The Daily Gazette Sign up for daily emails to get the latest Harvard news. With almost 11 million cases and more than 150,000 deaths, India is among the nations hardest-hit by the coronavirus pandemic. The Asian giant has also taken an economic hit, its gross domestic product expected to shrink 8 percent this year.The figures have starkly highlighted the connection between a nation’s physical and economic health, and the Harvard chairs of a new panel seeking to overhaul and improve health care in India say today’s difficult times create a moment of opportunity because people who often tune each other out are now listening.“For the first time the connection between health and economic outcomes has become transparent,” said Tarun Khanna, director of Harvard’s Lakshmi Mittal and Family South Asia Institute and one of four co-chairs of a new Lancet Citizens’ Commission to study how to bring universal health care to India. “The morality of universal health care has always been a driver of this urgency, but that’s not the new thing here. Rather, for the first time in 30 years GDP is expected to fall in response to a health crisis.”The 21-member commission is a joint effort between The Lancet medical journal and Mittal Institute. The panel is chaired by Khanna; Vikram Patel, the Pershing Square Professor of Global Health at Harvard Medical School; Professor Gagandeep Kang, vaccine researcher at Christian Medical College in Vellore, India; and Kiran Mazumdar-Shaw, executive chairperson of Indian biotech company Biocon Ltd and one of India’s top businesspeople. S.V. Subramanian, professor of population health and geography at the Harvard T.H. Chan School of Public Health, is a member of the commission.The group’s charge is to report by August 2022 how India can achieve universal health care within a decade. The Mittal Institute is encouraging participation by the Harvard community and sponsoring an online panel discussion on Monday to introduce the effort.Patel and Khanna said the commission has a challenging road ahead, one that has proven too difficult for an array of efforts studying the same question in the decades since India became independent in 1947.Most of the nation’s 1.4 billion residents (a population second only to China) view the current publicly-funded system as so bad that even the poorest Indians would rather pay out-of-pocket for care in a network of private providers, itself sometimes seen as uncaring and untrustworthy. The end result is that more than 60 percent of Indian health care is paid for out-of-pocket, and a sudden illness can mean financial ruin for millions. Only the wealthy can afford regular, high-quality care.,“Today, India’s health care system is routinely ranked as one of the worst in the world,” Patel said. “A few get expensive, world-class care, while a large part of the population doesn’t even get basic quality care.”Where the current commission differs from prior efforts is that it is based on a consultative effort to seek input from an array of stakeholders, including representatives of the private health care sector, providers of traditional medicine, physicians, community health workers, and citizens from diverse communities across the country.“It genuinely is a cross-section of society,” said Khanna, HBS’ Jorge Paulo Lemann Professor. “That makes consultation more complex, but the potential for achievement is large.”The eventual report will focus on the “architecture” of a new system, according to an article by the initiative’s co-chairs and commissioners in The Lancet in December. It will include ways to provide preventive care for physical and mental health, offer financial protection for all health care costs, not just hospitalization, and ensure access to the same quality of care for all.“We aspire for a health care system in which most people do not pay out-of-pocket for most health care needs,” Patel said. “The last thing a sick person needs is to have their care calibrated by how much they can afford to pay or to be impoverished by their medical bills.”Resources are always a key issue in consideration of universal health care and India — whose proportion of GDP spent on health care is low compared with other middle-income countries — will likely have to spend more, Khanna said. But he also said that significant low-cost steps probably could be taken early in the process.“I think we can improve outcomes with existing resources being better managed,” Khanna said. “We can get some victories in the next two to three years through optimization of existing structures.”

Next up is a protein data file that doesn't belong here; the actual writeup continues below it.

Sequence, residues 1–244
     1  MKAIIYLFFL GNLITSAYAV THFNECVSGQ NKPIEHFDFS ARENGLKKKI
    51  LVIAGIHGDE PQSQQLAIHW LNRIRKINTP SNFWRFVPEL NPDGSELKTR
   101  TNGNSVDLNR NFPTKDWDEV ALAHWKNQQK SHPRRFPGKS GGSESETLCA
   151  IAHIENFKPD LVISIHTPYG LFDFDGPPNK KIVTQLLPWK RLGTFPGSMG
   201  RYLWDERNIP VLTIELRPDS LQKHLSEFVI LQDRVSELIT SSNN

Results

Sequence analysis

Shideh Ghandeharizadeh | Daily TrojanSurprisingly, the biggest wig reveal of 2018 did not come from the 10th season of “RuPaul’s Drag Race.” In fact, it occurred on an Asian television show, and made waves online when an episode trailer was released last Friday.In a stunning turn of events on “The Bachelor Vietnam,” 20-year-old contestant Minh Thu confessed her love — not for the actual bachelor, but for fellow competitor Truc Nhu during a rose ceremony. Both women left the set after Truc Nhu’s tearful confrontation with bachelor Quoc Trung. “I went into this competition to find love, but I’ve found that love for myself,” Minh Thu, who had just been eliminated, proclaimed. “It’s not you.It’s someone else.”While Truc Nhu decided to remain on the show after an off-screen meeting with Quoc Trung, the tender moment between the two female contestants went viral and led to hundreds of media headlines, with commenters praising showrunners for putting the moment on air. As an American viewer, it was astonishing to think that a Vietnamese reality show would even dare to air such an event on national television. After all, social media users still go crazy when American celebrities publicly come out. I spent the entire week trying to formulate an opinion on the whole ordeal. Was that moment a sign of progress for LGBTQ+ people in Vietnam? Or was it merely a publicity stunt?According to Vietnamese news outlet Zing, The New York Times and some of my Vietnamese cousins (just to triple-check), the narrative surrounding the iconic television moment was quite different; in fact, most outlets in Vietnam were reporting more about global reactions to the video than about the video itself. While this initially surprised me, I realized that maybe there is a reason why the Vietnamese media reacted so differently compared to American outlets like NextShark, Buzzfeed and CNN, which catapulted the clip into a global viral sensation. After doing some personal reflection, I came to understand that Minh Thu’s confession of love wasn’t so much of a shock to Vietnamese viewers as it was to the rest of the world. It may be as simple as this: Vietnamese people’s perception of the LGBTQ+ community and same-sex relationships is not as conservative as the Western world believes it to be. As with so many other queer people, I spent most of my teenage years seeking self-acceptance and self-love, and one of the ways I did so was by watching TV shows and movies with queer narratives.I recall spending many late evenings as a 16-year-old, hunched over my computer screen watching movies like “Brokeback Mountain” and “Milk” — my guilty pleasures. I would make sure to lock the door so my parents wouldn’t walk in on me crying (or watching a scene of two men having sex). And while I thoroughly enjoyed watching every work I scoured the internet for, it was the Asian movies I consumed that allowed me to truly connect my sexuality with my Asian identity. One of them is “Love of Siam,” a film that I have seen at least 10 times since I first watched it as a shy, inexperienced twink. The Thai feature, which came out in 2007, is a poignant love story between two high school-aged boys who reconnect after being separated as childhood friends. As with the endings of many gay films, Mew and Tong’s romance was tragic, but not in the same way as that of Jack Twist and Ennis Del Mar in “Brokeback Mountain.” The most tear-inducing moment in “Love of Siam” comes at the very end when Tong says to Mew: “I can’t be your boyfriend, but that doesn’t mean I don’t love you.”Another film is the 2011 Vietnamese drama “Lost in Paradise,” which recounts the experiences of three gay men: Khoi, Lam and Dong. Set in Ho Chi Minh City, “Lost in Paradise” explores various facets of homosexuality in the face of cultural conservatism and other societal issues, such as prostitution and gang violence. These two groundbreaking Southeast Asian films allowed me to understand my identity as a young, queer Asian person through a different lens. Both of them were much more about coming of age than they were about tragic endings — the most problematic aspect of American works featuring LGBTQ+ characters. In the same vein, I would argue that Asian media in the late 2000s and early 2010s was much more nuanced than Western media at the time. Going back to the iconic moment on this week’s episode of “The Bachelor Vietnam,” maybe watching Minh Thu proclaim her love for Truc Nhu wasn’t all so earth-shattering for Vietnamese audiences because same-sex relationships aren’t as stigmatized in Vietnam as the Western world often thinks they are. It isn’t so surprising either when you look at legislation passed in the last couple years. In 2014, the Southeast Asian country abolished laws prohibiting same-sex marriage. And in 2015, Vietnamese lawmakers finally allowed people with gender reassignment surgery to reclassify as their new gender on legal documents. While social stigmas against the LGBTQ+ community still exist, Vietnam’s government is making healthy strides toward equality through legislative reform.This week’s episode of “The Bachelor Vietnam” shattered long-held stereotypes about the “supposedly backwards” Eastern world, and educated me as a Vietnamese American, about the contextual analysis necessary to buy into commonly held narratives about queer people. It’s time we stop placing shock value on queer relationships, and arbitrarily labeling queerness as a binary between Eastern and Western perspectives.Allen Pham is a senior majoring in public relations. He is also the editor-in-chief of the Daily Trojan. His column, “Writing Rainbow,” runs every other Friday.